Three months on are we still in the dark?
By Arjuna Ranawana
It is three months today since a group of suicidal extremists upended our society by killing Easter Sunday worshippers in three Churches and Brunching holidaymakers in three five star hotels in the capital.
These tragic events destroyed post-war glow we had been enjoying sans checkpoints and body searches.
Our politicians promptly bought hundreds of millions of rupees worth of armoured limousines, increased the number of Defenders escorting them and began pointing fingers at each other trying to foist the blame for the sheer negligence that allowed these attacks to happen.
There are three separate investigations, one by a Parliamentary Select Committee which is conducting its inquisition with the Media in attendance.
The second is a three-person committee appointed by President Maithripala Sirisena headed by a Supreme Court Judge called the Malalgoda Committee which has completed is investigation.
The third is a wide-ranging investigation being carried out by the Criminal investigation Department and the Terrorism Investigation Division of the police.
In the initial investigation some matters were established:
- The attack was organized and carried out by the National Towheed Jamaat, an extremist Islamist Organisation based out of the Eastern Province
- All the suicide cadres the NTJ had either died in the initial attacks or perished when they tried to defend themselves against security forces personnel
- They were homegrown terrorists but may have been inspired by Islamic State and some cadres may have been radicalized when they studied overseas
- The Sri Lankan authorities received detailed information about the attacks at least two weeks before the blasts.
The big question that has now to be answered is after the information was received why was no action taken to protect the targets.
The Parliamentary Select Committee probing the Easter attacks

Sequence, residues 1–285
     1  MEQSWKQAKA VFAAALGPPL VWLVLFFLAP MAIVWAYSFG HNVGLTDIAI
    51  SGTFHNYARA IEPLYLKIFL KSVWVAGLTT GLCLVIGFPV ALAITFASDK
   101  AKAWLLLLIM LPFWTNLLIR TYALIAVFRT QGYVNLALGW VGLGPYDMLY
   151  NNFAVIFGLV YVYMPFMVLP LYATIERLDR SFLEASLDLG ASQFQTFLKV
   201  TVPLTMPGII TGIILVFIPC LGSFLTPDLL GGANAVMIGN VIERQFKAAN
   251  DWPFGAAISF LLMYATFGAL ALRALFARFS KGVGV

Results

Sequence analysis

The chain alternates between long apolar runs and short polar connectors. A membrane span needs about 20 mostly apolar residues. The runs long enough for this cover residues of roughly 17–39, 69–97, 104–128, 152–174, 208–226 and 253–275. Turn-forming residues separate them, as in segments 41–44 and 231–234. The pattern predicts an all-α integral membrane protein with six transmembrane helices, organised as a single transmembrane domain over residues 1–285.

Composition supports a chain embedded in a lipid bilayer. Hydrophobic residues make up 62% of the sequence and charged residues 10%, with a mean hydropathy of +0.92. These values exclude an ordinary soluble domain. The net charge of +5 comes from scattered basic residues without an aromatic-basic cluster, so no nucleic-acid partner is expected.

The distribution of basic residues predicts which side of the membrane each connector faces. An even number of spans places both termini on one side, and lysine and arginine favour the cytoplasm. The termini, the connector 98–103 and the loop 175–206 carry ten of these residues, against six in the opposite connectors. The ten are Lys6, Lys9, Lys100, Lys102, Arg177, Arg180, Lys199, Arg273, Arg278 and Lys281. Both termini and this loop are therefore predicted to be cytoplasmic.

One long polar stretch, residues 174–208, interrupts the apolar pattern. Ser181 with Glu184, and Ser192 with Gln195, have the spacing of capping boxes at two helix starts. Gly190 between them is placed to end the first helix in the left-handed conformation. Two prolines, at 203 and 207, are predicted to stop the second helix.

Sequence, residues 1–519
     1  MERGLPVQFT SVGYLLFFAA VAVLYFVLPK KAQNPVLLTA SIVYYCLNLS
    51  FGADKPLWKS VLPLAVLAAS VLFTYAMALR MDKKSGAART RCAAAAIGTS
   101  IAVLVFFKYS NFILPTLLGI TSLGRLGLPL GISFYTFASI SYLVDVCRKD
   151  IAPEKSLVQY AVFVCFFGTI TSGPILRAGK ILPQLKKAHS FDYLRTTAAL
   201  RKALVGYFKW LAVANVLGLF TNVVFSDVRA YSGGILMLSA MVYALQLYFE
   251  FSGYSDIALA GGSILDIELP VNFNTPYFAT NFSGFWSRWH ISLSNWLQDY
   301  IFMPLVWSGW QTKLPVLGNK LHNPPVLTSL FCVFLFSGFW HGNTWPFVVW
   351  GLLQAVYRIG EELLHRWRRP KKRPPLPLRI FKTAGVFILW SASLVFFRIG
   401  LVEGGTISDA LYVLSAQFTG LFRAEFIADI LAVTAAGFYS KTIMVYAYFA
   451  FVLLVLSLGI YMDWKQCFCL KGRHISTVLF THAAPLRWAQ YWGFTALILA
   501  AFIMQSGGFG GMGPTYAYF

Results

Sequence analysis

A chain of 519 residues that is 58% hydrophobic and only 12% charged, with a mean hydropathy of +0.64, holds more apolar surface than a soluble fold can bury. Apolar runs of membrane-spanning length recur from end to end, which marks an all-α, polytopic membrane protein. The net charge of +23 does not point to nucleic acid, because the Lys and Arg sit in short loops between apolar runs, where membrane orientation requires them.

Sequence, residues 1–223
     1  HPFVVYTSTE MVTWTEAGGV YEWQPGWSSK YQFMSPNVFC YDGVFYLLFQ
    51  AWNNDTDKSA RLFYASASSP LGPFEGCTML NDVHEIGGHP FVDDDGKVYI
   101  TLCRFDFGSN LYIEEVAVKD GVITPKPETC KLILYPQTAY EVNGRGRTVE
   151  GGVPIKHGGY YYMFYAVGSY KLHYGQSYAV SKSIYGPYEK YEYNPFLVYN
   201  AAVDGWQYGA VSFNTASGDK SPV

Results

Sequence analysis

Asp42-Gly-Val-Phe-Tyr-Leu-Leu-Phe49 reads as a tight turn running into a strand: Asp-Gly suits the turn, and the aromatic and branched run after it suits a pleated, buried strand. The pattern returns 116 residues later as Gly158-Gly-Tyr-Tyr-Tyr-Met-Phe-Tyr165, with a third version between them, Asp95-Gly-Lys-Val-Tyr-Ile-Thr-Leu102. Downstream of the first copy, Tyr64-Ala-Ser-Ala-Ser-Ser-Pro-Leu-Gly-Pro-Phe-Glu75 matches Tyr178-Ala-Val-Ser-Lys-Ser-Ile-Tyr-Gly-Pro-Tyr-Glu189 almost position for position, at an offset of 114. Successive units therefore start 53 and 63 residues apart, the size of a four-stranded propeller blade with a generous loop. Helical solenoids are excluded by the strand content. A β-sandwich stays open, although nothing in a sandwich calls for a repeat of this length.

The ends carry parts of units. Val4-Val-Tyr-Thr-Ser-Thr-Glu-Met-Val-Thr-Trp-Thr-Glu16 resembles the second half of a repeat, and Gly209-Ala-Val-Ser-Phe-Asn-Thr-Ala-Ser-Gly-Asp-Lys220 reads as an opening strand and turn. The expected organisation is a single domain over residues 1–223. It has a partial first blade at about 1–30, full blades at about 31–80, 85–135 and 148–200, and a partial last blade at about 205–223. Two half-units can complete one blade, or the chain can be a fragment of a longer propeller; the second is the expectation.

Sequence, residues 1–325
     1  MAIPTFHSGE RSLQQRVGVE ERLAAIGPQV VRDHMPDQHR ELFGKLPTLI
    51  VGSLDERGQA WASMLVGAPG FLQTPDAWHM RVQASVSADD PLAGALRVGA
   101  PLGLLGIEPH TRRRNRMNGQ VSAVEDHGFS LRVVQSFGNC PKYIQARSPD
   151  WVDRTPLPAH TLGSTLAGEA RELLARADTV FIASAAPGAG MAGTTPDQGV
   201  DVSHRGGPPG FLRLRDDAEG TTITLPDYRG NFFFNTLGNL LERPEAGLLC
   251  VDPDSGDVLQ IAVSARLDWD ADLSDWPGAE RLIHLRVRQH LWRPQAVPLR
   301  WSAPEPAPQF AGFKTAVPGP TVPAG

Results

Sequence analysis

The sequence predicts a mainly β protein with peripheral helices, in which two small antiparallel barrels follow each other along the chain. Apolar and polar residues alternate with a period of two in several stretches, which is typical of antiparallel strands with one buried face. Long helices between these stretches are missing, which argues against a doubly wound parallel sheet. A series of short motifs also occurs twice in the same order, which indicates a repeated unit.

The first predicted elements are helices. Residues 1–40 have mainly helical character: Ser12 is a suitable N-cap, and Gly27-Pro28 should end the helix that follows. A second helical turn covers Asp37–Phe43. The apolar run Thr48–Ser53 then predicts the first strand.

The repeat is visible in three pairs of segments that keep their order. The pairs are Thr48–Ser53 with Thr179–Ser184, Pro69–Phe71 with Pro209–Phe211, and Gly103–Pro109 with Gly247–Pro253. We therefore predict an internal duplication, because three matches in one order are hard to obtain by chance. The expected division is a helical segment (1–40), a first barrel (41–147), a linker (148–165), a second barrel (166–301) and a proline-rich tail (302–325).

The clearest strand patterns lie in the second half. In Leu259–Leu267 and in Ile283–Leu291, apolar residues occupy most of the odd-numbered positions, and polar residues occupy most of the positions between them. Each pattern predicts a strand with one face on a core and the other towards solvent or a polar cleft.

This is the most high profile of the current probes.
The PSC has a fact-finding mission. It aims to find out whether there has been negligence on the part of the officials and have the authorities reacted expeditiously and efficiently to the intelligence reports.
It will also propose what action should be taken in the future to avoid a similar occurrence.
The committee has a drawback as the Joint Opposition and the Janatha Vimukthi Peramuna refused to accept seats on the committee and only UNP MPs and one TNA MP sit on it.
The most significant matter about the committee is that it is open to Media. This is the first time in Sri Lanka’s history that the working of a Select Committee has been opened in this manner.
Some of the sessions have been telecast live either by terrestrial channels or online.
A number of important figures ranging from politicians, religious leaders and security officials have testified.
Some startling revelations have been made.
Among them, the Police Chief Pujith Jayasundera said that President Maithripala Sirisena had asked him to accept responsibility for the lapses in security and tender his resignation and in turn was promised a diplomatic posting.
Former Secretary to the Ministry of Defense Hemasiri Fernando said the President had instructed him not to invite the Prime Minister and the IGP for Security Council meetings.
The Malalgoda Committee
President Sirisena appointed a three-member committee day after the attacks to investigate any lapses on the part of officials.
The committee comprised Supreme Court Justice Vijith Malalgoda, former IGP N K Ilangakoon and former Secretary to the Ministry of Law and Order Padmasiri Jayamanne.
The committee, now being referred to as a Board of Inquiry, handed in its final report to the President on June 10.
Although Sirisena promised that the contents of this report would be made public, only the Attorney General’s department appears to have it.
The AG has followed through on this report and ordered the arrest of former Secretary Defense Fernando and IGP Jayasundera.
They are currently under arrest and have been charged with murder under Section 296 of the Penal Code.
The AG’s position has been challenged by the Chief Magistrate Lanka Jayaratne who did not recognize the “judicial nature” of the Board of Inquiry. She also faulted the Police for arresting Fernando and Jayasundera without recording their statements.
CID and TID investigations
These investigations have concentrated on the network built by the NTJ and its associates.
By all accounts, the CID has rolled up most of the networks of this organisation and was able to even trace some operatives overseas.